Thursday, February 26, 2009

Immorality a Lot Like Rotten Food

Immorality a Lot Like Rotten Food | Wired Science from

Immorality is literally disgusting: it appears to provoke an ancient brain system designed to identify rotten food.

Disgust was observed in test subjects who, given an unfair offer in a money-splitting game, literally turned up their noses. The response was the same as to foul-tasting drinks and disgusting pictures.

"Our idea is that morality builds upon an old mental reflex," said study co-author Adam Anderson, a University of Toronto psychologist. "The brain had already discovered a system for rejecting things that are bad for it. Then it co-opted this and attached it to conditions much removed from something tasting or smelling bad."

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Thursday, February 12, 2009

Hmmmmm...I guess I'll settle for ham & cheese **sigh**

Thursday, February 05, 2009

What's the Big Deal About Closing Gitmo?

If we could house hundreds of thousands of Germans, including thousands of Nazi officers and SS members, behind mere barbed-wire fences in rural America (often in ethnically German communities) in the 1940s, I think we can manage to keep less than three hundred people in an American prison. Why we even let German POWs gather together and sing the "Die Wacht am Rhein" without the competing "La Marseillaise" smackdown. Yet, somehow we managed to win the war and survive. Go figure.

The ability of some Americans to have no problem with sweeping folks up and holding them without charges or trial in perpetuity while simultaneously not wanting them to be held at a nearby maximum security prison is, as always, astounding.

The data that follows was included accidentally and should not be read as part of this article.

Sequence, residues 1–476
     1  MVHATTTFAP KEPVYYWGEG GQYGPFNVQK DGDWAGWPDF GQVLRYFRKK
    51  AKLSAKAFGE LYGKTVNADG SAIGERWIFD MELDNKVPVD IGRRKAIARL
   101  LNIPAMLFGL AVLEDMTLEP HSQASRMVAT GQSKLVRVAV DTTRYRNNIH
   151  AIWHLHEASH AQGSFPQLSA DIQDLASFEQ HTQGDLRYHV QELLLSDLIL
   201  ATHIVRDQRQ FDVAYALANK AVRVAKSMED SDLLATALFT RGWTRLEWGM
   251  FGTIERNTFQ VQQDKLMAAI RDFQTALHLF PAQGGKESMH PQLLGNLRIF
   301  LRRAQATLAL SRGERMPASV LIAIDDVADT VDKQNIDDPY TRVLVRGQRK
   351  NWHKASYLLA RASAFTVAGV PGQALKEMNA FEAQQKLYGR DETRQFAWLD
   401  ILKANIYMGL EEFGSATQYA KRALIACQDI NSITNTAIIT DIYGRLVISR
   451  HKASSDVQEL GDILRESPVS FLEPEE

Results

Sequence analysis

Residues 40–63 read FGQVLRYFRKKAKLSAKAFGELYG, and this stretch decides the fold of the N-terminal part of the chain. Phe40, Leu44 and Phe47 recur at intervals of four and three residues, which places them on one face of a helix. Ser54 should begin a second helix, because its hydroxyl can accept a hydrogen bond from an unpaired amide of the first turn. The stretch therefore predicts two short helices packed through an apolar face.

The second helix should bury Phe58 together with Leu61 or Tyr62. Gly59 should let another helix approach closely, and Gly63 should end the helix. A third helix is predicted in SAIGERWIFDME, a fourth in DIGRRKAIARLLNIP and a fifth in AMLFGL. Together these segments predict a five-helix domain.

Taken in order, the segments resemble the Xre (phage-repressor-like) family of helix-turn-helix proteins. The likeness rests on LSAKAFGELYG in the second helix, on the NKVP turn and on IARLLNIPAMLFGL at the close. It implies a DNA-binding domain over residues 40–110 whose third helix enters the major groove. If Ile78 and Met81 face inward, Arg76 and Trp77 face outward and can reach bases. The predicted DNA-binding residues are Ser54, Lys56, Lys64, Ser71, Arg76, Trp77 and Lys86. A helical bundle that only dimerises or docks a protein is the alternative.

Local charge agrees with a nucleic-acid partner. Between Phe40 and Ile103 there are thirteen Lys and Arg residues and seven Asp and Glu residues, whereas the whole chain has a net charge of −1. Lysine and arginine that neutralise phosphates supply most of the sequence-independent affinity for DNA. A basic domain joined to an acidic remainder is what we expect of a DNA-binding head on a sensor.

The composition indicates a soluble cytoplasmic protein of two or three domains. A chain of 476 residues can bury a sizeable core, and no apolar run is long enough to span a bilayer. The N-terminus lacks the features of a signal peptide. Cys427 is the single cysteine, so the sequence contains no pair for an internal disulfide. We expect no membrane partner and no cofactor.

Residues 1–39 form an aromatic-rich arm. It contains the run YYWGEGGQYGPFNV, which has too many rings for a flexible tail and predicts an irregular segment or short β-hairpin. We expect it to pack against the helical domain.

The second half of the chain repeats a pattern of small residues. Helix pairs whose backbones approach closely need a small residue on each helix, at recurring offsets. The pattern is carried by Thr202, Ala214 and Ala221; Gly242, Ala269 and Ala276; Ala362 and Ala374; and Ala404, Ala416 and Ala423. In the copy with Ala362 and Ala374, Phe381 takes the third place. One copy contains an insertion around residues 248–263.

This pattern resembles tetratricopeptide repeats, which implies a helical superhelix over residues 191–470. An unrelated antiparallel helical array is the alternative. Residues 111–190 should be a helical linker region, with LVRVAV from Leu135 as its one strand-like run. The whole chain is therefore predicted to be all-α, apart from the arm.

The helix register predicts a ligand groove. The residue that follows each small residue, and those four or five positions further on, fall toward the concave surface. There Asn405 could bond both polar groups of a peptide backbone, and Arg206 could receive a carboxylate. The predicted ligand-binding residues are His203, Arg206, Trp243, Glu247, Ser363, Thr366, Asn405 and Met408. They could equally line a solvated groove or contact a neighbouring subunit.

HT: Firedoglake

Wednesday, February 04, 2009


In order to restore trust, we've got to make certain that taxpayer funds are not subsidizing excessive compensation packages on Wall Street.

We all need to take responsibility. And this includes executives at major financial firms who turned to the American people, hat in hand, when they were in trouble, even as they paid themselves customary lavish bonuses. As I said last week, this is the height of irresponsibility. It's shameful. And that's exactly the kind of disregard of the costs and consequences of their actions that brought about this crisis: a culture of narrow self-interest and short-term gain at the expense of everything else.
This is America. We don't disparage wealth. We don't begrudge anybody for achieving success. And we certainly believe that success should be rewarded. But what gets people upset -- and rightfully so -- are executives being rewarded for failure, especially when those rewards are subsidized by U.S. taxpayers, many of whom are having a tough time themselves.

For top executives to award themselves these kinds of compensation packages in the midst of this economic crisis isn't just bad taste -- it's bad strategy -- and I will not tolerate it as President. We're going to be demanding some restraint in exchange for federal aid -- so that when firms seek new federal dollars, we won't find them up to the same old tricks.